Bruce Smith on the misconceived and harmful legislation produced by voting as an inevitable though temporary case of “measles” (1887)
Found in: Liberty and Liberalism (1888)
The Australian barrister and radical individualist thinker Bruce Smith (1851-1937) warned that the new form of democracy sweeping the Enlgish-speaking world would introduce a new form of “class privilege” via the ballot box:
Parties & Elections
If there is any truth in these reflections, then the masses, having deprived kings of their despotic power, and the aristocracy and wealthy classes of any privileges they may have enjoyed, seem to be inclining now towards the creation of privileges for themselves, as against the propertied classes. To demand such advantages, or, if obtained, to persist in holding them, is simply to turn round on their own principles; for the author of “The Radical Programme” says that the “preservation of class privileges” is “the fundamental doctrine and uniform aim of Conservatism.”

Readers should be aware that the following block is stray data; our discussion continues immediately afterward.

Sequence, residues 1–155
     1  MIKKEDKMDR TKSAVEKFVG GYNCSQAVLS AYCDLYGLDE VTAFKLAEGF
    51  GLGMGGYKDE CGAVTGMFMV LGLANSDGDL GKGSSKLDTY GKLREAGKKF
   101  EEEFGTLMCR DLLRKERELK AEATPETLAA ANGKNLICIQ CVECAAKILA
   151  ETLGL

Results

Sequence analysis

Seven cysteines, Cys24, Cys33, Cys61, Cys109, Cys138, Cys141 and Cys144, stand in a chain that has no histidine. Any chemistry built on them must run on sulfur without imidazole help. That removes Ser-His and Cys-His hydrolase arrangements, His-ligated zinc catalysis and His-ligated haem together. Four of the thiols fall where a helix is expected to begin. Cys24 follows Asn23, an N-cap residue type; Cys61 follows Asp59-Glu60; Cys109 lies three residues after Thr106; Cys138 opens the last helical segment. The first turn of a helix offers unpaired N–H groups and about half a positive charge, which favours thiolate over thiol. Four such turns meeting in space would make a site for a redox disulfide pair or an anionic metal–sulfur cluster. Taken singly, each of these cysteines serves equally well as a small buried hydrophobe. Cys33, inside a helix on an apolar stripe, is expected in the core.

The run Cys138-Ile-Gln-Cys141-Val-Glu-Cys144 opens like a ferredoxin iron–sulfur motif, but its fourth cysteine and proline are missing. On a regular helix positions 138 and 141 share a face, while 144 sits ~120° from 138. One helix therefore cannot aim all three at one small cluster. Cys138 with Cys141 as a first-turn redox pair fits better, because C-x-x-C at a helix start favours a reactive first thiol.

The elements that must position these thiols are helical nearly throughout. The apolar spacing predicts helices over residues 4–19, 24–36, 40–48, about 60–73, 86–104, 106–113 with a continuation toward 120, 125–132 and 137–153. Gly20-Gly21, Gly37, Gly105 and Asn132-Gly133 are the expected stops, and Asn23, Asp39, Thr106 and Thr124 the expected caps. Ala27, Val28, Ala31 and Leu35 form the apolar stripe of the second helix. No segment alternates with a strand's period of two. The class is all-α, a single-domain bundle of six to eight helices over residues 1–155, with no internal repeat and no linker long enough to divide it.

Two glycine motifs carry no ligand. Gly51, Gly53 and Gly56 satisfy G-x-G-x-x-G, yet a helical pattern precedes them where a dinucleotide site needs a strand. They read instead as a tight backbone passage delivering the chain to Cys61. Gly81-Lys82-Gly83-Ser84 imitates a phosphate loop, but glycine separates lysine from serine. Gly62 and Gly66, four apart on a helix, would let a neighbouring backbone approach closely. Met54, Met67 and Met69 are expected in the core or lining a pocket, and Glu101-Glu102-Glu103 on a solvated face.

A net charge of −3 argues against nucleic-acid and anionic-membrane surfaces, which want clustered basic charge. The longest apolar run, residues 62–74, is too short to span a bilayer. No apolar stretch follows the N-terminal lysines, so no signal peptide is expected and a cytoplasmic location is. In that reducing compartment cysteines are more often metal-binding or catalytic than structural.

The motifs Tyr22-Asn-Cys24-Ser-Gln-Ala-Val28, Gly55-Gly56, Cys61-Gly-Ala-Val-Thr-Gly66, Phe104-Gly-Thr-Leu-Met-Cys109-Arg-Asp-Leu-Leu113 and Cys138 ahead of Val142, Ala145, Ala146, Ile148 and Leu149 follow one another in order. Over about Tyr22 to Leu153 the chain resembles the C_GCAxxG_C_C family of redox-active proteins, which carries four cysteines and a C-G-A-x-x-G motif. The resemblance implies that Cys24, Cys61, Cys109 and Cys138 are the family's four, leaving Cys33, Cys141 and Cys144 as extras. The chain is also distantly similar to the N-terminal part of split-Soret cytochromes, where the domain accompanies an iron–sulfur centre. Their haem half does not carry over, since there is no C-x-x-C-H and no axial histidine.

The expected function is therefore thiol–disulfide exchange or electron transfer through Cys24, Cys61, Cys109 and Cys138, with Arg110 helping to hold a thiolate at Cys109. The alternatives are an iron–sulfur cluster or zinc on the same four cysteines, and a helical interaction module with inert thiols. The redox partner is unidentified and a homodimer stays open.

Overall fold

In the last chapter I explained my reasons for believing that English-speaking communities will have yet to pass through a long period of well-meant but misconceived and abortive legislation—the inevitable “measles,” as it were, of democratic or popular government. I see no escape from the conclusion that, quite apart from the popular ignorance of the political science, so long as the masses pin their faith to the belief I have just mentioned, or to the bald principle of “majority” voting as a test of wisdom, the chances of legislation, beneficial to society as a whole, are well-nigh hopeless…
It is truly appalling to contemplate what life would become if each of these, and the hundred and one other wild and immature theories which are now in the air, were allowed to be carried into practice. Life would indeed be unbearable. Yet reflection will show that we are fast tending in that direction; for if we turn our eyes towards impending legislation, whether regarding commercial or social matters, we find that our individual liberty is being slowly but surely curtailed in a manner which will not for a moment stand the test of criticism, by the light of true principles.